Date: 13 Mar 2023
Land Use Review: Fluxes, Scenarios and Capacity
New land use review report finds Ireland urgently needs an integrated approach to land management to address climate and biodiversity crises
A new report titled “Land Use Review Fluxes, Scenarios and Capacity” has been published by the Environmental Protection Agency (EPA).
Land use in Ireland is dominated by grasslands, with significant areas of forestry and wetland, which are not distributed evenly across the country. The report assesses the latest information on land use and land-based greenhouse gas fluxes in Ireland. The research team investigated observed and projected climate change impacts on the land system and examined land use change compatible with net-zero goals for Agriculture, Forestry and Land Use (AFOLU) by 2050. It also explored the potential impacts of land use change on biodiversity and water quality with policy interactions also considered.
Key finding from the report:
- Land use and land cover in Ireland is dominated by grasslands, with significant areas of forestry and wetland. Many important forms of land cover are not evenly distributed across the country.
- The Agriculture, Forestry, and Land Use (AFOLU) sector in Ireland is a substantial greenhouse gas source, which poses a significant challenge for national climate change mitigation targets.
- Changes to the climate system in Ireland have been observed and are projected to increase over the coming decades, having significant impacts on the land system and how it functions.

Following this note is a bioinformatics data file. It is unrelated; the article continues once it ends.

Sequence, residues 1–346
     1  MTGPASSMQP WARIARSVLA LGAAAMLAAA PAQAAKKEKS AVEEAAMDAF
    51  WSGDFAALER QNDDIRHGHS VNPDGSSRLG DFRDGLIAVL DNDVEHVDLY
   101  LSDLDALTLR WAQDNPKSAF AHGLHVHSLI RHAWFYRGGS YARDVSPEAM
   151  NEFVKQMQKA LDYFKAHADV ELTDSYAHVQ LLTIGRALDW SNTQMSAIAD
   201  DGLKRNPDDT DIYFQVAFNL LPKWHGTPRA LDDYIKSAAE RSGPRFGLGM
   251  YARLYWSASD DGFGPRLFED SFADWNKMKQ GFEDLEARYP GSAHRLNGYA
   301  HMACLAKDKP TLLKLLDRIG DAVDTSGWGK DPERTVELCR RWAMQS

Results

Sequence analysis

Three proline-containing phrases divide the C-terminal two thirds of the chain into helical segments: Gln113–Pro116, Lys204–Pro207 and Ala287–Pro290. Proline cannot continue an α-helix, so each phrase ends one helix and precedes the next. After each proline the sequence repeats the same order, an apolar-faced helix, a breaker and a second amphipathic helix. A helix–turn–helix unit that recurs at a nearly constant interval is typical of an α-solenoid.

- Achieving net-zero greenhouse emissions for AFLOU by 2050 will be very challenging. Measures considered in this report included afforestation, peatland/organic soil restoration, reduced emission intensity along with changes to livestock numbers.
- Land-use change targeted at climate mitigation pose potential threats to biodiversity and water quality. To avoid such trade-offs an integrated approach to land use and management is required.
- Policy targets for land use in Ireland are often inconsistent with the levels of change consistent with climate mitigation goals. Important knowledge gaps and enabling factors were also identified.
The report is the culmination of a research project led by Atlantic Technological University (ATU) academics Dr Eamon Haughey, Dr James Moran, and Ruth Bennett Coady, in collaboration with Trinity College Dublin academic Mathew Saunders and University of Galway’s David Styles.